"We have nine victims deceased... and we have approximately 16 more victims hospitalized right now in unknown conditions," Dayton Police Lieutenant Colonel Matt Carper said.
The attacker opened fire around 1:00 am Sunday (0500 GMT) on a street in the popular bar and nightlife Oregon district.
Police were working to identify the shooter and the FBI were on the scene.
"Fortunately we had multiple officers in the immediate vicinity when this incident started so there was a very short timeline of violence, for that we've very fortunate," he said, praising the swift response by officers.
"As bad as this is, it could have been much, much worse."
Carper said the investigation would continue through the night but the attack appeared to be the work of a lone shooter.
The incident came just hours after the mass shooting at a Walmart store in Texas which has reignited debate about the US "epidemic" of gun violence.
President Donald Trump described the El Paso attack as "an act of cowardice" and police are treating it as a possible hate crime.
One suspect was taken into custody while authorities were studying an extremist manifesto purportedly written by the gunman.
Footage shot with cellphones appeared to show multiple bodies lying on the ground in the store's parking lot while other footage showed terrified shoppers running out of the store as gunfire echoed.
Two to 82 years
Police chief Greg Allen confirmed that in addition to the 20 confirmed fatalities in El Paso, there were 26 wounded.
Mexican President Andres Manuel Lopez Obrador said three Mexican citizens were killed and Foreign Minister Marcelo Ebrard said six others were wounded.
Various news reports said the ages of victims being treated at hospitals ranged from two to 82 years.
Police said that Walmart was "at capacity" at the time of the shooting, with 1,000-3,000 customers inside.
A 21-year-old from Allen, Texas, was the only person in custody, police confirmed. US media identified him as Patrick Crusius, who is white. He surrendered to police about a block away from the Walmart.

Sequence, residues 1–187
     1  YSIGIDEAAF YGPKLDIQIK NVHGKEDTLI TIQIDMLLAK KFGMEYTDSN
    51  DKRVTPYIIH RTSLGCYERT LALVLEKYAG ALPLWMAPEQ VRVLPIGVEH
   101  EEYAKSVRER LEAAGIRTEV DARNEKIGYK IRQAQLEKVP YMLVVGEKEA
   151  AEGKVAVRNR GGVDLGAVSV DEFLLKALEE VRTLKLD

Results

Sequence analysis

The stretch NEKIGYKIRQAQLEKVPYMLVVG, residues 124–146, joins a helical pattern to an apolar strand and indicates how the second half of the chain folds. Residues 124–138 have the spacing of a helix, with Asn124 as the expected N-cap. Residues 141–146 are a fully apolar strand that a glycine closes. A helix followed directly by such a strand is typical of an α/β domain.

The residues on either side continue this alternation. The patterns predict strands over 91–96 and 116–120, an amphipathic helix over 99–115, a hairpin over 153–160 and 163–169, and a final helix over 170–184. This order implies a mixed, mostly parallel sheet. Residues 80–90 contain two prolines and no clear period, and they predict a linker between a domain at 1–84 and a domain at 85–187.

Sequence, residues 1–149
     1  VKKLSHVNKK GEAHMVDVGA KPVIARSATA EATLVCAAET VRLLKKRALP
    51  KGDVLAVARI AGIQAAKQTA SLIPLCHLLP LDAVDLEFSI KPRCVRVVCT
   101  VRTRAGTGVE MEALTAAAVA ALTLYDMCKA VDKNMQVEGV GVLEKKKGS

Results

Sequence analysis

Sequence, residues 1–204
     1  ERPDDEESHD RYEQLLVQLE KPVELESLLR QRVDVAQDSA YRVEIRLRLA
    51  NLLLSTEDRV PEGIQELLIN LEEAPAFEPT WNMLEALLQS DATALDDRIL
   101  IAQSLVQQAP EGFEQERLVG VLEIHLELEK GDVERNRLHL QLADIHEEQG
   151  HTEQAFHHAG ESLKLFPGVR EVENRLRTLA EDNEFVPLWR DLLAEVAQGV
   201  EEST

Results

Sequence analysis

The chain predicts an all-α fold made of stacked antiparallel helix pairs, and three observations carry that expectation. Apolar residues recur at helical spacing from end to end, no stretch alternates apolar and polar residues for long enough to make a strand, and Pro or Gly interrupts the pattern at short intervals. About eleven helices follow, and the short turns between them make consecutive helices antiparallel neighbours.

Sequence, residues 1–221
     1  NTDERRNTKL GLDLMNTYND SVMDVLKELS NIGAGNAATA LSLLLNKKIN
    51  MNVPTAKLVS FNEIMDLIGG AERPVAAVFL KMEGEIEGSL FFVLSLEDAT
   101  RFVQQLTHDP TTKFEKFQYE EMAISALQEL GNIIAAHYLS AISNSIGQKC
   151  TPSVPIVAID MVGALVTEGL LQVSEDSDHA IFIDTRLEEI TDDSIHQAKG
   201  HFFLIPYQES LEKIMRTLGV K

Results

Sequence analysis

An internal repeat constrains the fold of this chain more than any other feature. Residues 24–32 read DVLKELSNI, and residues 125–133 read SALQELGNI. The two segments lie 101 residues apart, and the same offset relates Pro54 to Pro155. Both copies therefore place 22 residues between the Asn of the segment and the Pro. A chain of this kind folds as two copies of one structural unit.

"Right now we have a manifesto from this individual that indicates to some degree, it has a nexus to potential hate crime," Allen said.
The "manifesto" purportedly written by Crusius that was circulated online includes passages railing against the "Hispanic invasion" of Texas and the author makes clear that he expected to be killed during his attack.
Witnesses said the gunman appeared to be shooting at random when he opened fire around 10:30 am.
One woman, who gave her name as Vanessa, said she had just pulled into the Walmart parking lot when the shooting began.
"You could hear the pops, one right after another and at that point as I was turning, I saw a lady, seemed she was coming out of Walmart, headed to her car. She had her groceries in her cart and I saw her just fall," she told Fox News.
The witness said the gunman wore a black T-shirt, combat trousers and earmuffs.
"He was just shooting randomly. It wasn't to any particular person. It was any that would cross paths."
Another shopper described how he managed to avoid being hit by hiding along with his mother between two vending machines just outside the store.
"That's where the individual tried to shoot at me, which he missed cause I kind of ducked down," Robert Curado told the El Paso Times.
"He had an AK-47."
'Act of cowardice'
Video captured by a witness in the parking lot in the immediate aftermath of the shooting showed three people lying motionless on the ground.
One had fallen next to a truck, while two were on the sidewalk outside the store entrance.
"Ambulance! Help!" people cried as they rushed to the victims.
A still captured from CCTV showed the gunman carrying what appeared to be an AK-47 assault rifle.
Beto O'Rourke, a former US congressman for El Paso who is now running for president, cut off his campaigning in the wake of the shooting.
"I'm incredibly saddened and it's very hard to think about this. But I tell you El Paso is the strongest place in the world, this community is going to come together," he told supporters.
Elizabeth Warren, a senator who is among the frontrunners for the Democratic party's presidential nomination, said: "We must act now to end our country's gun violence epidemic."
President Donald Trump described the El Paso attack as 'an act of cowardice' and police are treating it as a possible hate crime.